Hermes reopens oak street store

2 mins read

Hermès has reopened its Oak Street store, indicating that luxury shopping corridors are thriving despite challenges faced by some retail districts and competition from online sellers. The luxury retailer spent over a year renovating and expanding its Oak Street location, which sells handcrafted French leather goods and other luxury items. The surrounding Gold Coast neighbourhood, especially along Oak Street, has seen most of its retail spaces occupied, and the luxury category in retail has experienced a resurgence since the onset of the COVID-19 pandemic.

The pandemic led to a decline in spending on certain luxuries, leaving wealthy individuals with more disposable income, and luxury shops like Hermès, Giorgio Armani, Prada, and Chanel provided outlets for that surplus cash. Even middle-class shoppers have started exploring luxury stores more frequently, purchasing less expensive items but still contributing to store profits.

Hermès, with approximately 300 stores in 45 countries, continued to grow in 2023, reporting more than 10 billion euros in sales by the end of September, a 17% increase compared to the same period in 2022. The company emphasises creating a comfortable and immersive shopping experience for its customers.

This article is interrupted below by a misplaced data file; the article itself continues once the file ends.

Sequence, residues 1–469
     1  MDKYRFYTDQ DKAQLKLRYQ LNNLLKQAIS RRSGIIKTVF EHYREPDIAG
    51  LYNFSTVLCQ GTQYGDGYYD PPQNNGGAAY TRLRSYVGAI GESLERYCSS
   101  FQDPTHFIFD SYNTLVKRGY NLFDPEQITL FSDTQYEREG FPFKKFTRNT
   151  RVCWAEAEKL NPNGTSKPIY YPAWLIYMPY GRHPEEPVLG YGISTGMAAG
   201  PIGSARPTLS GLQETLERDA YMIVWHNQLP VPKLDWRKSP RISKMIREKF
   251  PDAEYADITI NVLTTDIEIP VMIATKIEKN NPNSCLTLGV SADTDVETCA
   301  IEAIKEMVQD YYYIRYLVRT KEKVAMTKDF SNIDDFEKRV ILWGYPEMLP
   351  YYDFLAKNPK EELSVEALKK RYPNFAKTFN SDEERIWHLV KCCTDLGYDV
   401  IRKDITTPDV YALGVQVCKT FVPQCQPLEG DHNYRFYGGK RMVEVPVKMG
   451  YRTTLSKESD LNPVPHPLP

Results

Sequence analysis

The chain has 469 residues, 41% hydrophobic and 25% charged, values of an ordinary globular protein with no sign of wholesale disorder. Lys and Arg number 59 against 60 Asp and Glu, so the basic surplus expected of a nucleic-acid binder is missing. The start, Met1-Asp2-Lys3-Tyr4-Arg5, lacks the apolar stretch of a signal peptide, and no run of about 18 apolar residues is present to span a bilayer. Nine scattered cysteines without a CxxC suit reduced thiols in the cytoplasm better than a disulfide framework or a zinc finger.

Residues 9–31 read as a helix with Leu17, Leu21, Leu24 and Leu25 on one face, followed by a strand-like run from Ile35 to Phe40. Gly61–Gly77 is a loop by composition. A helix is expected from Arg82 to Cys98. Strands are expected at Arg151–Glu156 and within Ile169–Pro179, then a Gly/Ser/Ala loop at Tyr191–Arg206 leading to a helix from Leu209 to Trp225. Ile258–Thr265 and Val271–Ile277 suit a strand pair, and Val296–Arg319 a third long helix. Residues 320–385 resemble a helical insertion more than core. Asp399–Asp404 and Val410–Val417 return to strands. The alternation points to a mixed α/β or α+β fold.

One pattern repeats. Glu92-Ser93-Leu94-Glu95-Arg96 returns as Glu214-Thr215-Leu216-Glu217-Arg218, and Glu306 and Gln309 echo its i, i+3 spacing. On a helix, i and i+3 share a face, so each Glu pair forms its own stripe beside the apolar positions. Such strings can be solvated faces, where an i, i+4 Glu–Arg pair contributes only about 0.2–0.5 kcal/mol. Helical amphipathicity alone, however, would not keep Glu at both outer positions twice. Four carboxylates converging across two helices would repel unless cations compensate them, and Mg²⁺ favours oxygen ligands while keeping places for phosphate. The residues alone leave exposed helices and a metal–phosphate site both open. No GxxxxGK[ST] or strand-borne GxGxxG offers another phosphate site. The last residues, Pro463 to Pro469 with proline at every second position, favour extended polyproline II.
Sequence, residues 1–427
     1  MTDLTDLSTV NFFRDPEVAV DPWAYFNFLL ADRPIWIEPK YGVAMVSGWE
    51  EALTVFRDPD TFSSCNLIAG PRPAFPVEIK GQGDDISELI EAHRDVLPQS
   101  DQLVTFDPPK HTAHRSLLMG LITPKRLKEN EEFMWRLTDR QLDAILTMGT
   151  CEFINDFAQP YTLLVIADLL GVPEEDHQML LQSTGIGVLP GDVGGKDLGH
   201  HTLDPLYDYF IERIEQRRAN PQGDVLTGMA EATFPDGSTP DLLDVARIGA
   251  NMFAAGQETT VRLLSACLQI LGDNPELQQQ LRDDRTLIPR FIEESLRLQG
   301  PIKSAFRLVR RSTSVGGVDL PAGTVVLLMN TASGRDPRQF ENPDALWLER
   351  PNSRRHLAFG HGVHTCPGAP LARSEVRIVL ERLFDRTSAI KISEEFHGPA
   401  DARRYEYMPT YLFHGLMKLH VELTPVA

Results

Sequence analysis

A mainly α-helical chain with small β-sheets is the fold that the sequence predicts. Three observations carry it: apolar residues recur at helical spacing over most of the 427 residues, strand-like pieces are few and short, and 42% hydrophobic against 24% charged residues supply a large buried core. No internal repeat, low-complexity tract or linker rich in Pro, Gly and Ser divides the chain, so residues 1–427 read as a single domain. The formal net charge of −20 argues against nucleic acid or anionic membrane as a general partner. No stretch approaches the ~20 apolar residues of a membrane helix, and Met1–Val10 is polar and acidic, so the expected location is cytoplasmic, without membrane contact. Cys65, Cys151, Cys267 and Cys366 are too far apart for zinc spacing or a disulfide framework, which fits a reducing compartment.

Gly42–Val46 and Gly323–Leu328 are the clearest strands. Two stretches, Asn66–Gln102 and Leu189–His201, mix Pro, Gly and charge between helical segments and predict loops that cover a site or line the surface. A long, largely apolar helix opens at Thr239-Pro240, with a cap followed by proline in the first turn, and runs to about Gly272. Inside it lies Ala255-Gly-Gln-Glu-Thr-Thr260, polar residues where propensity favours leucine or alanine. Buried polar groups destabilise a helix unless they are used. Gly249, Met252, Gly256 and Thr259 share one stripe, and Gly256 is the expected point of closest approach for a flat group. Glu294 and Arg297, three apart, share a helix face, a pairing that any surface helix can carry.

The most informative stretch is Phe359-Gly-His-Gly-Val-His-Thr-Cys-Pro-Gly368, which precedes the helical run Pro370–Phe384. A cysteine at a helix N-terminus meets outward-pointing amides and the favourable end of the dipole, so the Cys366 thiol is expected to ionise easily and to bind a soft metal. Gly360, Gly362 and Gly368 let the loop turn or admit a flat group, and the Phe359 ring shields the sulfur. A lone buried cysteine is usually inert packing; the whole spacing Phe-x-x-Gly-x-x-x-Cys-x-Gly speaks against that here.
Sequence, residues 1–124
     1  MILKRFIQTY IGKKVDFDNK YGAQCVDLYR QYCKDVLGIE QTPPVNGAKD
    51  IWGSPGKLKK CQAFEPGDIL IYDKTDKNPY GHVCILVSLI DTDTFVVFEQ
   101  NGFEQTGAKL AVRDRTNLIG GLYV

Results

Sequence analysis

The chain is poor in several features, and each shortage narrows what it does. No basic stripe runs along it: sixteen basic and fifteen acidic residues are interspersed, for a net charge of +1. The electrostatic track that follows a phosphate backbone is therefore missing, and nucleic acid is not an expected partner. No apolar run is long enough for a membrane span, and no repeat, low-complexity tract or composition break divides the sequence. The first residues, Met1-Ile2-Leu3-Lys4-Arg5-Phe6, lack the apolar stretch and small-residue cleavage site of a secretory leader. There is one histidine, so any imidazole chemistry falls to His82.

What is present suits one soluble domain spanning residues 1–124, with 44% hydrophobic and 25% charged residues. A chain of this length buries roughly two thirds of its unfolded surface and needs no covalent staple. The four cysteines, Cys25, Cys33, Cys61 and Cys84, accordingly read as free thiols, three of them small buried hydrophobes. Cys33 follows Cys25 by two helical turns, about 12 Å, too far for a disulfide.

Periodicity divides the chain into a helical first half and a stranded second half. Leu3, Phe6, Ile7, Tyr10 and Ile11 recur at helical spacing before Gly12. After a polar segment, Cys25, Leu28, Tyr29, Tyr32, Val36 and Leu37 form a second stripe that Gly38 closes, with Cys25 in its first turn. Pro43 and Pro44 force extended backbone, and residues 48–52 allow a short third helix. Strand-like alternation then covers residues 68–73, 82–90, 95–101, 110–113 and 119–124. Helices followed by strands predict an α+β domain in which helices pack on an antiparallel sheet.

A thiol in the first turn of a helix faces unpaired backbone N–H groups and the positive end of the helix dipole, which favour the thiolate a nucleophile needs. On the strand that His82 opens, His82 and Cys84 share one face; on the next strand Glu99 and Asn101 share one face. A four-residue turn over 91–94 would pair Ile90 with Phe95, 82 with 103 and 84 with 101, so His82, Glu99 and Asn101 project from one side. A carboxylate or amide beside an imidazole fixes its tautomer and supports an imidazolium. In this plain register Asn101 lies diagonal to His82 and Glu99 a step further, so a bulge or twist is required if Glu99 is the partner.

The prosperity along Oak Street may provide some relief to the Magnificent Mile, which is grappling with a number of empty storefronts. As retailers compete for the few remaining spots in the Gold Coast, some may start considering North Michigan Avenue, which offers more available space and lower rents.

Retailers are set to fill several vacancies along the Magnificent Mile in the coming year, and new office tenants, cultural institutions, and other developments in the area are contributing to the transformation of Michigan Avenue.

The Magnificent Mile Association, in collaboration with the Chicago Department of Planning and Development and the Urban Land Institute, has outlined plans to enhance the district, including the addition of a pedestrian bridge linking North Michigan Avenue with Oak Street Beach, new pocket plazas and sidewalk cafes, and a public common stretching from Water Tower Place to Lake Shore Drive. These efforts aim to revitalise the district and realise the vision of Michigan Avenue as Chicago’s Champs-Élysées, as envisioned by Daniel Burnham in the 1909 Plan of Chicago.